In Taiwan, for public healthy insurance, cisplatin is the backbone of the chemotherapy regimen as a component of IC and CCRT in the treatment of locally advanced HNSCC. Its main cytotoxic activity is based on the formation of DNA adducts, which cause inter- and intrastrand cross-linking. These DNA cross-links are recognized and removed by the nucleotide excision repair pathway which arms to guard the integrity of the genome [15, 16]. The enzyme excision repair cross-complementation group 1(ERCC1) plays a rate limiting role in the nucleotide excision repair pathway, and its expression has been associated with survival in patients with various malignancies [1719]. The relation between ERCC1 expression and resistance to platinum compounds had been found by some clinical studies in patients with advanced-stage gastric, ovarian, colorectal, esophageal, and non-small-cell lung cancers [15, 17, 1921]. However, there are only few studies to elucidate the relationship between ERCC1 expression and prognosis in patients with locally advanced HNSCC treated with CCRT. The purpose of this study was to evaluate whether the immunohistochemical expression status of ERCC1 can predict the treatment response and survival in patients with unresectable HNSCC being treated with cisplatin-based IC followed by CCRT.


Patients and treatment

A total of 57 patients with pathologically proven locally advanced inoperable HNSCC were treated with IC followed by CCRT between January 1, 2006 and January 1, 2008 at Kaohsiung Chang-Gung Medical Center (Taiwan). To be included, all the patients had to have a biopsy-proven previously untreated IV (M0) unresectable squamous cell carcinoma of the head and neck region, have no synchronous primary tumors, and be ≥18 years old. In addition, the patients had to have a performance status (PS) of ≤2 on the Eastern Cooperative Oncology Group (ECOG) scale, adequate bone marrow, hepatic and renal function (creatinine clearance >60 ml/min), and a computed tomography or magnetic resonance image scan of the head and neck region within three weeks prior to the initiation of treatment. The clinicopathological information including age, gender, tumor (T) stage, nodal (N) status, TNM stage, and survival was obtained from the clinical records. The histories of betel nuts chewing, alcohol and tobacco use were obtained by our detailed questioning at the patients' first visit to the otolaryngology clinic of the hospital.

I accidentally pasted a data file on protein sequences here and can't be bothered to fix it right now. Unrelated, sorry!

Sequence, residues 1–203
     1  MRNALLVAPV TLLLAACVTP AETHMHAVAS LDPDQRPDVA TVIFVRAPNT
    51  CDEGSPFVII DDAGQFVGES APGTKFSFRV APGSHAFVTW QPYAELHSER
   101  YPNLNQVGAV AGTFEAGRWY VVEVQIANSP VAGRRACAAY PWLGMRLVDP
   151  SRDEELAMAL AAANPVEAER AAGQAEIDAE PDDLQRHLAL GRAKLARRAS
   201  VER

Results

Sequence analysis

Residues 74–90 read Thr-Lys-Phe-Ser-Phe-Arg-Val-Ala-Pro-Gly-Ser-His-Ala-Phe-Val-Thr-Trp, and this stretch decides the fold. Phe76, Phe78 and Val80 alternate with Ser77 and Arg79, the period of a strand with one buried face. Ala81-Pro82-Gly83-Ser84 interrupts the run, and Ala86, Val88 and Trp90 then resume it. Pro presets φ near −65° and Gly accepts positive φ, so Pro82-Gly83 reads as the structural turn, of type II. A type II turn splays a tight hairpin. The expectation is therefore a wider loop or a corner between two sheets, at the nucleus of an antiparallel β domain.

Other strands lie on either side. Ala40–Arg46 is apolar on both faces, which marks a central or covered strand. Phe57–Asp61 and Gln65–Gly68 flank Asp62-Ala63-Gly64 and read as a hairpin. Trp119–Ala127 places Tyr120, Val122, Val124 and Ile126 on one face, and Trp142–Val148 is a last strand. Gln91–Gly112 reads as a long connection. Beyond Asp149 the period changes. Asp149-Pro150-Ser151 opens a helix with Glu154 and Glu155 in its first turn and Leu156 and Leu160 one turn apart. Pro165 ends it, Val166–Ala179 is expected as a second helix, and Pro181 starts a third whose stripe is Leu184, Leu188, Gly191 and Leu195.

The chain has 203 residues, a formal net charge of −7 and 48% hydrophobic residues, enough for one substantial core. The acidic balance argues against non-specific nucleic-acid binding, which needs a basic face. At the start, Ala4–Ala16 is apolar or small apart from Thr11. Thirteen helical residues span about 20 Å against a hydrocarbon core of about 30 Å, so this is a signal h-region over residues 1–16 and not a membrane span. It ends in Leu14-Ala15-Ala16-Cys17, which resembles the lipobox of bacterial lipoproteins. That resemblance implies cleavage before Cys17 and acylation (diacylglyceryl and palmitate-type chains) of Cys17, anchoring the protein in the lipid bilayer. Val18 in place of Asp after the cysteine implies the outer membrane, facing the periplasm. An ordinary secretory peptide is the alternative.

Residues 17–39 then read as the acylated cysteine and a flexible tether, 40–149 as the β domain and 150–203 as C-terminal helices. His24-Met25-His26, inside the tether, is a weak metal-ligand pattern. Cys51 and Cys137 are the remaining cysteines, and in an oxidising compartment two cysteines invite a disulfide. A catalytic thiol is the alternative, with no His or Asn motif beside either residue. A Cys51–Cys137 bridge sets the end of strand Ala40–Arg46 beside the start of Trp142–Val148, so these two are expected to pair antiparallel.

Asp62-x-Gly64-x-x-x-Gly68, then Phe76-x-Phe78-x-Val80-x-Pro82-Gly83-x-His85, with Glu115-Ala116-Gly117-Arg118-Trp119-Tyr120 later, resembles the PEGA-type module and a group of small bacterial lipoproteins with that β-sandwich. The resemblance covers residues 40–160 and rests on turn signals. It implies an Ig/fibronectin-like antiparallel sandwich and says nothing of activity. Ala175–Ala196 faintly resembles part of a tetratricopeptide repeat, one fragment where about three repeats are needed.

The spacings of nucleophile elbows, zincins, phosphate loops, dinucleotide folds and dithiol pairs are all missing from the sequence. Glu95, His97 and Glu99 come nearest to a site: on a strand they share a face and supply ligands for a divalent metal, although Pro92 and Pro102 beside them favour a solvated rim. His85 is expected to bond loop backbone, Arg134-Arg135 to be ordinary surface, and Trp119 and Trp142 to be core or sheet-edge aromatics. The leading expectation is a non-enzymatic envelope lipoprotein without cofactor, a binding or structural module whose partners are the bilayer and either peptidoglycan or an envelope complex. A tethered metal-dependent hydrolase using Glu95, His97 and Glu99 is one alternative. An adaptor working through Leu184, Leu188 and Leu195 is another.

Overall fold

The IC consisted of 2 cycles of cisplatin 75 mg/m2 and fluorouracil (5-FU) (1000 mg/m2) given as a continuous 24-h infusion for four days. The two cycles of IC were administered every four weeks. After IC, all patients received CCRT. During the CCRT, cisplatin was administered weekly at a dose of 40 mg/m2. RT was delivered 3-4 weeks after the completion of the IC with a linear accelerator. Ondansentron ± dexamethasone was used as antiemetic treatment. The response to IC followed by CCRT was assessed according to the World Health Organization (WHO) criteria. Surgery was performed six to twelve weeks after completion of IC followed by CCRT regimen for patients who had residual disease. Surgery was also allowed for patients who did not complete chemoradiation and had resectable residual disease at the primary site or in the neck. Patients were evaluated by CT scan or MRI of the head and neck every three months. Informed consent was obtained from study participants and protocol for this study was approved by the Institutional Review Boards of Chang-Gung Medical Center (Taiwan).

Immunohistochemical staining for ERCC1